Chagas' disease

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Chagas' Disease



Chagas' disease is named after Dr. Carlos Chagas who first found the organism in the early 1900s. It involves damage to the nerves that control the heart, digestive and other organs, and eventually leads to damage to these organs. Worldwide, Chagas' disease affects over 15 million persons, and kills 50,000 each year. Researchers believe that the parasite that causes the disease is only found in the Americas.


When a person is infected with Chagas' disease, the parasite known as Trypanosoma cruzi first causes a mild, short-lived period of "acute" illness; then after a long period without symptoms, the effects of the infection begin to appear. The heart, esophagus, and colon are most frequently involved. These organs become unable to contract properly, and begin to stretch or dilate.

Causes and symptoms

T. cruzi is carried by insects or bugs known as reduviid or "kissing bugs." These insects are very common in Central and South America where they inhabit poorly constructed houses and huts. The insects deposit their waste material, exposing inhabitants to the parasites. The parasites then enter the body by way of a cut or via the eyes or mouth. T. cruzi can also be transmitted by blood transfusion. Eating uncooked, contaminated food or breastfeeding can also transmit the disease. The reduviids, in turn, become infected with the parasite by biting infected animals and humans.
There are three phases related to infection:
  • Acute phase lasts about two months, with non-specific symptoms of low grade fever, headache, fatigue, and enlarged liver or spleen.
  • Indeterminate phase lasts 10-20 years, during which time no symptoms occur, but the parasites are reproducing in various organs.
  • Chronic phase is the stage when symptoms related to damage of major organs (heart, esophagus, colon) begin.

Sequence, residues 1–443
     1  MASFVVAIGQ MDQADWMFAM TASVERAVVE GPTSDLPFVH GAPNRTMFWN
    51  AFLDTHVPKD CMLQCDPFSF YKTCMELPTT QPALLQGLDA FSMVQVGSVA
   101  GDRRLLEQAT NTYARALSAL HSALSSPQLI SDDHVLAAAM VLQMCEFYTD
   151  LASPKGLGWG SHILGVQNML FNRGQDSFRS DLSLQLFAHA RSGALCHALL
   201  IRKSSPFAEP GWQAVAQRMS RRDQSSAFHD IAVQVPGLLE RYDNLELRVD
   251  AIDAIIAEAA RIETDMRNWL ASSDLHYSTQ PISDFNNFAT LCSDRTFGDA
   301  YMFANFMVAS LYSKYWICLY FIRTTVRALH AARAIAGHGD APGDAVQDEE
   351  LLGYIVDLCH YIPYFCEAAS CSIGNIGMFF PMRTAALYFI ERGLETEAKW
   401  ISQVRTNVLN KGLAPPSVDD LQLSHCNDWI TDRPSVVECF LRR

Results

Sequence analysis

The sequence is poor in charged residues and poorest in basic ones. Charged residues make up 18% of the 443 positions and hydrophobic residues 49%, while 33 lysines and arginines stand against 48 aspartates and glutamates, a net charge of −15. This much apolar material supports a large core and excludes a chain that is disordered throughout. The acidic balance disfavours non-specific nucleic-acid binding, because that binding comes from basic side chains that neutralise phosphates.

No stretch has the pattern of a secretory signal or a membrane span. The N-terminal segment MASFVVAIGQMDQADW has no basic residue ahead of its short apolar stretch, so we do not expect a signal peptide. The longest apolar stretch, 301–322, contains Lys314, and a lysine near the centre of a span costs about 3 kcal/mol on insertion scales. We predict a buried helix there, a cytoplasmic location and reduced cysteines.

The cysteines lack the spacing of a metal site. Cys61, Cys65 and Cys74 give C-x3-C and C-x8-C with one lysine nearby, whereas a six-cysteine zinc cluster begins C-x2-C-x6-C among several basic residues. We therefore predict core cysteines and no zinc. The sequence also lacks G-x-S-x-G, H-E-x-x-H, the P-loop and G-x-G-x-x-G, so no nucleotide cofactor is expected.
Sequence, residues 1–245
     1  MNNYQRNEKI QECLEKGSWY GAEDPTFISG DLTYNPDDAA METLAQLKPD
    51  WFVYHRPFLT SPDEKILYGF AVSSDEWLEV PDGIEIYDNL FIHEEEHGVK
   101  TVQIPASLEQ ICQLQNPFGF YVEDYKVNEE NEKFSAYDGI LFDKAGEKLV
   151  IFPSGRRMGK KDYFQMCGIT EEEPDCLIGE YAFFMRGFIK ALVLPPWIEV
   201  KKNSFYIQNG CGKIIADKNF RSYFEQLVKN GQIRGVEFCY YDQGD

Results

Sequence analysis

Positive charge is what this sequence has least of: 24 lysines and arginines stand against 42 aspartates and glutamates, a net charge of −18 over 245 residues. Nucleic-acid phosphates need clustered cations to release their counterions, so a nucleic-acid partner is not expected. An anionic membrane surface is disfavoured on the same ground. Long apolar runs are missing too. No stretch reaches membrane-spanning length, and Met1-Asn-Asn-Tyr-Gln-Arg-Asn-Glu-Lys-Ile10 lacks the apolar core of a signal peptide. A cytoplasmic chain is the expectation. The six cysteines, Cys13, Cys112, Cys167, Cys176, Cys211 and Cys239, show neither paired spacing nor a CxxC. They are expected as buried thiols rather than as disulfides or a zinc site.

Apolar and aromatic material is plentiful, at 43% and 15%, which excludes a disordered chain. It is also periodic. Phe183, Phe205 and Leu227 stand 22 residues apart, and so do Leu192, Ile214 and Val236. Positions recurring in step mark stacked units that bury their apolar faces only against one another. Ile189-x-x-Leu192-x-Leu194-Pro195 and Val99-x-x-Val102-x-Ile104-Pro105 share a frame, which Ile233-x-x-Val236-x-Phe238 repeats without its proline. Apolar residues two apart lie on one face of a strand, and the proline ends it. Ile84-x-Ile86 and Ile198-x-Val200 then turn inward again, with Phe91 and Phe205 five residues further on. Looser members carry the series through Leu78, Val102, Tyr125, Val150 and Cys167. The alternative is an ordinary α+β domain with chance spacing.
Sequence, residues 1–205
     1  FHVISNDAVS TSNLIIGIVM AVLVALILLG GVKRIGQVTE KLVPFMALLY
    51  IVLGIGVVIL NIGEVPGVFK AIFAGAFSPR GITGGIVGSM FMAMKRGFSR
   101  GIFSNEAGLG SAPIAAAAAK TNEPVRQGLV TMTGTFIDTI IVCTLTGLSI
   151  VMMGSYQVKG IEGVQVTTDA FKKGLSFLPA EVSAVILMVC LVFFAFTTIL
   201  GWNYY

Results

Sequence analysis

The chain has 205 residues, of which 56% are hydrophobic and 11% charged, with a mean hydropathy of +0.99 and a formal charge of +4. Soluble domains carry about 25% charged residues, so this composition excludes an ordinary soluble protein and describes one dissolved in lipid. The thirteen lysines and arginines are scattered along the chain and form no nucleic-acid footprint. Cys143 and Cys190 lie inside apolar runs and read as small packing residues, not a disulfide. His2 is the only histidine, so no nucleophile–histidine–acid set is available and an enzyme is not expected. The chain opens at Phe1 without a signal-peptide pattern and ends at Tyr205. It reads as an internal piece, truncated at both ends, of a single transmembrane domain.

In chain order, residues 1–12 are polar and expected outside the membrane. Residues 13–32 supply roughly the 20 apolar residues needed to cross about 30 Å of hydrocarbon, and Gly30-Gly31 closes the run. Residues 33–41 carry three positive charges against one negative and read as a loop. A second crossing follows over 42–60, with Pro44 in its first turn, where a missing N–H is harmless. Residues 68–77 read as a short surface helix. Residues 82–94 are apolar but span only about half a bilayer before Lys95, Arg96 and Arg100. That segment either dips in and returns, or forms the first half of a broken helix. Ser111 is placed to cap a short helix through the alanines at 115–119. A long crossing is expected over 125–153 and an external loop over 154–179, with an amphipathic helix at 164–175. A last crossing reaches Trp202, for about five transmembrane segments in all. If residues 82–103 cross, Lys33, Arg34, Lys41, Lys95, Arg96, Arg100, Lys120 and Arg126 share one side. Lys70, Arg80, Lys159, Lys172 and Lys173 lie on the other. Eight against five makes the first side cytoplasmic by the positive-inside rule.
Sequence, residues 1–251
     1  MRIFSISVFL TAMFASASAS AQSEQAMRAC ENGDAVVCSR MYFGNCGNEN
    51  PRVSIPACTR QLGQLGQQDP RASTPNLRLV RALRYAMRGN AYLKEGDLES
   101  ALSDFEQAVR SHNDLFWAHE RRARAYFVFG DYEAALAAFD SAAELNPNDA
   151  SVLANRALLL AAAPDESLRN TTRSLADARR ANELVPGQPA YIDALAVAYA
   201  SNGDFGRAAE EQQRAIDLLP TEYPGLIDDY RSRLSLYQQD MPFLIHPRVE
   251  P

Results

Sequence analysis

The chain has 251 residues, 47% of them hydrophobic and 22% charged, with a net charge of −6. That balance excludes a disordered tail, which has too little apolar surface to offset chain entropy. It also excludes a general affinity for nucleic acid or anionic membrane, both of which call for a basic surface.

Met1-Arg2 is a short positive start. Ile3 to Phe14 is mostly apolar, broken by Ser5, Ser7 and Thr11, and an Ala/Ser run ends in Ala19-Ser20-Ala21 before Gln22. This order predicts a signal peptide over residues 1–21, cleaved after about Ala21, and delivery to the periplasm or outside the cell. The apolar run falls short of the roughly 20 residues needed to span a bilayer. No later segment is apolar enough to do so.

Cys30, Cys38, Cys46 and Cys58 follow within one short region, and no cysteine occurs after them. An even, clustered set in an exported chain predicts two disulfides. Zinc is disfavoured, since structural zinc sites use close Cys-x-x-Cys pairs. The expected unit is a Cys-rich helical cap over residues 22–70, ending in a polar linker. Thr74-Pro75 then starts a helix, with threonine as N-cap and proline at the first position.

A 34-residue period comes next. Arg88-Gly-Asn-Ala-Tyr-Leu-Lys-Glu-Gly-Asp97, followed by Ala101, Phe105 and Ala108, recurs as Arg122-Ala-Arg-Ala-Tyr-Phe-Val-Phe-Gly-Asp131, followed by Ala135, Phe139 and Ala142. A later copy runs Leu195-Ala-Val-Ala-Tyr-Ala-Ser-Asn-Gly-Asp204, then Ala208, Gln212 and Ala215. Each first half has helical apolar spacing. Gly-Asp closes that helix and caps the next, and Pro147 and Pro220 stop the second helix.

In the chronic phase, irregularities of heart rhythm, heart failure, and blood clots cause weakness, fainting, and even sudden death.
Esophageal symptoms are related to difficulty with swallowing and chest pain. Because the esophagus does not empty properly, food regurgitates into the lungs causing cough, bronchitis, and repeated bouts of pneumonia. Inability to eat, weight loss, and malnutrition become a significant factor in affecting survival.
Involvement of the large intestine (colon) causes constipation, distention, and abdominal pain.


The best way to diagnose acute infection is to identify the parasites in tissue or blood. Occasionally it is possible to culture the organism from infected tissue, but this process usually requires too much time to be of value. In the chronic phase, antibody levels can be measured. Efforts to develop new, more accurate tests are ongoing.


In most cases treatment of symptoms is all that is possible. Present medications can reduce the duration and severity of an acute infection, but are only 50% effective, at best, in eliminating the organisms.
Cardiac effects are managed with pacemakers and medications. Esophageal complications require either endoscopic or surgical methods to improve esophageal emptying, similar to those used to treat the disorder known as achalasia. Constipation is treated by increasing fiber and bulk laxatives, or removal of diseased portions of the colon.


Those patients with gastrointestinal complications often respond to some form of treatment. Cardiac problems are more difficult to treat, particularly since transplant would rekindle infection.


Visitors traveling to areas of known infection should avoid staying in mud, adobe, or similar huts. Mosquito nets and insect repellents are useful in helping to avoid contact with the bugs. Blood screening is not always effective in many regions where infection is common. It is necessary to carefully screen people who have emigrated from Central and South America before they make blood donations.

Key terms

Achalasia — An esophageal disease of unknown cause, in which the lower sphincter or muscle is unable to relax normally, and leads to the accumulation of material within the esophagus.